After two years of heavy use in government circles, the Center for Digital Government has released updates to its Best Practices Guide for Cloud and As-a-Service Procurements.
Ask your local IT shop to explain exactly what cloud services are, and you’ll be met with more information than you had ever hoped to get. Ask the same shop to explain how they purchased it, and you’ll likely be met with a blank, slightly terrified stare.
While the technology itself may be relatively simple to explain, the means to procure it has been a thorn in the sides of public organizations from the outset. Where some government entities have chosen to brave the process on their own, others banded together and paved the way for streamlined purchasing and adoption.
That collaboration resulted in the Best Practices Guide for Cloud and As-a-Service Procurements, released in 2014 by the Center for Digital Government (CDG)* to close the understanding gap and better arm the public sector to procure the services they needed in a more standardized and effective way.
The first iteration of this guide gathered input from a wide range of public and private partners through facilitated working groups, and laid the groundwork for multistate contracting vehicles. It also has offered guidance to smaller jurisdictions without the resources and purchasing power of state government.
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The updated guide outlines and explains the changes needed for more flexible and agile procurement processes.
Now, nearly two years later, the guide has been instrumental in discussions around a multistate procurement vehicle and is being re-released with some minor improvements.
For more than two years, Utah has been at the helm of a multistate procurement vehicle through NASPO Value Point, and just recently wrapped up the final stages of awarding contracts to the 38 participating vendors.
As of late November, 34 states are involved and Utah contracting officials are moving ahead with trying to negotiate master agreements with their vendors. And the CDG guide established a jumping off point that the state and vendors could use to start more focused discussions, said Christopher Hughes, assistant director of operations and contracts for the state of Utah’s Division of Purchasing, who spearheaded the Utah-NASPO initiative.
“So what we did was collaborate with quite a few people in the initial part of the RFP to better understand this industry, and part of that was working with somebody who had worked with the Center for Digital Government,” he explained. “The Center for Digital Government had established what they believed were good, or adequate terms for cloud contracts, and … we looked at using those terms and incorporated them into the RFP.”
During discussions around data security, Hughes said the CDG document language represented a firm foundation to build on from the public-sector perspective. As the vendors weighed in, adjustments were made to the language to better suit the requirements of their particular business solutions.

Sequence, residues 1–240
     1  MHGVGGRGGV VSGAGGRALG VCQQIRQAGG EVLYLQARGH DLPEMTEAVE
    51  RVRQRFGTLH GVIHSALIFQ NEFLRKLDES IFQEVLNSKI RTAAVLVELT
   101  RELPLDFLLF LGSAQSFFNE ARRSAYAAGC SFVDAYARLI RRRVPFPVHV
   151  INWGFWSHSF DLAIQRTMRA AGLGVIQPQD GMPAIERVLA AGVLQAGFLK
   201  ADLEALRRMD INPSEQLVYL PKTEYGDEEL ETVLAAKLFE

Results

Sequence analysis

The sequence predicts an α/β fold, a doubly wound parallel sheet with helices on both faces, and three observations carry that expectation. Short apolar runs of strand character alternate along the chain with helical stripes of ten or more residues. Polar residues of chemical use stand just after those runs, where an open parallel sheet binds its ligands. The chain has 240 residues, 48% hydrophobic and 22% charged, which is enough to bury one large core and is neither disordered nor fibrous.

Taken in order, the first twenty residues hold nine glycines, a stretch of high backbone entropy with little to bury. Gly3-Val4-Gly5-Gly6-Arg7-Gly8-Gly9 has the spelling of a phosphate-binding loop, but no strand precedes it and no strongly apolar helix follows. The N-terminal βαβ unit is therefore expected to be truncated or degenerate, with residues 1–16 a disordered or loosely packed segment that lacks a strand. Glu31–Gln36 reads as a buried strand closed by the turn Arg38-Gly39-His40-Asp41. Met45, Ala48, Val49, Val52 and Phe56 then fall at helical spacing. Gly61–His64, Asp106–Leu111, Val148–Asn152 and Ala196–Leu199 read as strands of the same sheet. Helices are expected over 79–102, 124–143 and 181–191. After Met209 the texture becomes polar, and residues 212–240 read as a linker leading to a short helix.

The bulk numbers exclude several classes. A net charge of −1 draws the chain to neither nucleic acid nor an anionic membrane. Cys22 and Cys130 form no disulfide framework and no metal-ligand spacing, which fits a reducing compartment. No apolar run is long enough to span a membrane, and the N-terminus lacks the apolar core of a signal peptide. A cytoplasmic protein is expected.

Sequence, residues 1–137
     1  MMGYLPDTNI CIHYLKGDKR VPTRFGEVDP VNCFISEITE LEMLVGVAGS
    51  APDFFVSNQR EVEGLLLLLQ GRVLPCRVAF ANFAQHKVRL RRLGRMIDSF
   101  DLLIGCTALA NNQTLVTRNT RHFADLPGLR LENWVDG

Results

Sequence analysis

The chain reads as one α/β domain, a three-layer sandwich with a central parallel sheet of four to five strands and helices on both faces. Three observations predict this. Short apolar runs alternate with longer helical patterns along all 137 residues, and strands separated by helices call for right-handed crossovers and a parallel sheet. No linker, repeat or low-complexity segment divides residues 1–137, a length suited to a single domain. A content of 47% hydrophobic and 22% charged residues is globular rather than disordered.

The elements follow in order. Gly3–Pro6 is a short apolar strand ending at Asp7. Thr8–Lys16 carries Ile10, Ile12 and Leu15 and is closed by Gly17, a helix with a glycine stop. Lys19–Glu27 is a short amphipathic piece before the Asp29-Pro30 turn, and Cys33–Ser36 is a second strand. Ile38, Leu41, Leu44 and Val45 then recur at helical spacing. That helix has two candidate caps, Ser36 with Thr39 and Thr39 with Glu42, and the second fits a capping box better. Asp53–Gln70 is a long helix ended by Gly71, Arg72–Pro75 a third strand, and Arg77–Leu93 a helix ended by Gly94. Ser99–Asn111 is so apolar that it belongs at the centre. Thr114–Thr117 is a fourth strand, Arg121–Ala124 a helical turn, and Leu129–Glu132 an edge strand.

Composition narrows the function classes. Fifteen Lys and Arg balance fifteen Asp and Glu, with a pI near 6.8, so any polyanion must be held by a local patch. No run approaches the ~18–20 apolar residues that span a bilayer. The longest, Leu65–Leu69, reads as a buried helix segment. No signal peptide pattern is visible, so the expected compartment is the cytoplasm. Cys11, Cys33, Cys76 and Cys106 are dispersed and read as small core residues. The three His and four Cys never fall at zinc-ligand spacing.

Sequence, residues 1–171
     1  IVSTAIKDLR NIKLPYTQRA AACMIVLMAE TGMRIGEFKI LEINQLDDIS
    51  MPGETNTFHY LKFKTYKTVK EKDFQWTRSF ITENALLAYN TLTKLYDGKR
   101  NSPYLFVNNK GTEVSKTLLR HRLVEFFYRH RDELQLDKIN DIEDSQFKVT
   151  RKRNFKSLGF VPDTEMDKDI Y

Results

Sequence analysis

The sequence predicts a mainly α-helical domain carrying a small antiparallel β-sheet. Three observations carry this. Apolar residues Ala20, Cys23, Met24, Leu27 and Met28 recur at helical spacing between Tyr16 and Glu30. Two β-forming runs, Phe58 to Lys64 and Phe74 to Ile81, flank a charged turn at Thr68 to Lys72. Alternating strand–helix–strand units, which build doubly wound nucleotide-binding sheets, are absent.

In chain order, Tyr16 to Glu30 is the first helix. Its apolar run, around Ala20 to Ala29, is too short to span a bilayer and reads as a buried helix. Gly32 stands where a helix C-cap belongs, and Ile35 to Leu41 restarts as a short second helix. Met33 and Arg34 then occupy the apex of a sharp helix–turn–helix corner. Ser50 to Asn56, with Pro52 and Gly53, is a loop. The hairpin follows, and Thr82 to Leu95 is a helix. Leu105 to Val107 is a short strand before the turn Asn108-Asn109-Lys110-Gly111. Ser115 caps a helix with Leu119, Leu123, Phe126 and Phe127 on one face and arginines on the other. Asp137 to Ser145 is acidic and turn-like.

“As we worked with some of these vendors, they needed to clarify some of these terms in accordance with their business solutions so that we weren’t requiring them to rewrite their business process in order to handle data that was processed as a result of the contract,” Hughes said.
As for changes to the 2016 iteration of the best practices guide, CDG Director Todd Sander explained that it was more of a fine-tuning exercise than a complete rework of the center's 2014 guide.
Despite a two-year gap between the documents and technological advances in the cloud space, he said public and private partners focused their collective energy on better defining certain sections of the guide and clarifying wherever possible.
“I think all of us in both public and private sectors were pleasantly surprised how well the 2014 document held up," Sander said. "We substantially got it right the first time."
Among the more notable adjustments that working groups focused on were the issues of security and encryption, better distinguishing between data at rest and data in motion, and systems audits. The topics of hybrid cloud and service level agreements were also points of discussion, while areas like terms and conditions remained largely untouched.
Former New Jersey CIO Stephen Emanuel, now with cloud service provider Alliant Technologies, led the hybrid cloud working group and participated in the working group. He agreed that many of the changes were based more on adjusting for evolving nuances than anything else.
“I think it was refreshing that we spent better than nine months on the first pass, and after almost 18 months to put it in play, we really didn’t have a whole lot of significant issues,” said Emanuel, who also was the main catalyst for the 2014 guide. At the time, his role in the public arena sent him in search of a better way to buy the tools he needed. Now working in private industry, he said he relishes the opportunity to collaborate and work through the procurement barriers with a new perspective.
The cloud environment will continue to change, he said, and stakeholders on both ends should remain open to discussing what is happening in the space.
“Given the fact that cloud is going to morph as things move on, I have a totally different view now that I am in the private sector providing hybrid cloud services,” Emanuel said. “I think part of the clarity that we brought to this was at least if we start with terms and conditions being somewhat standardized, the next step is let’s talk about some of the ways we ask for things.”
*The Center for Digital Government is a research and advisory institute on public-sector IT under the e.Republic umbrella. e.Republic is also the parent company of Government Technology.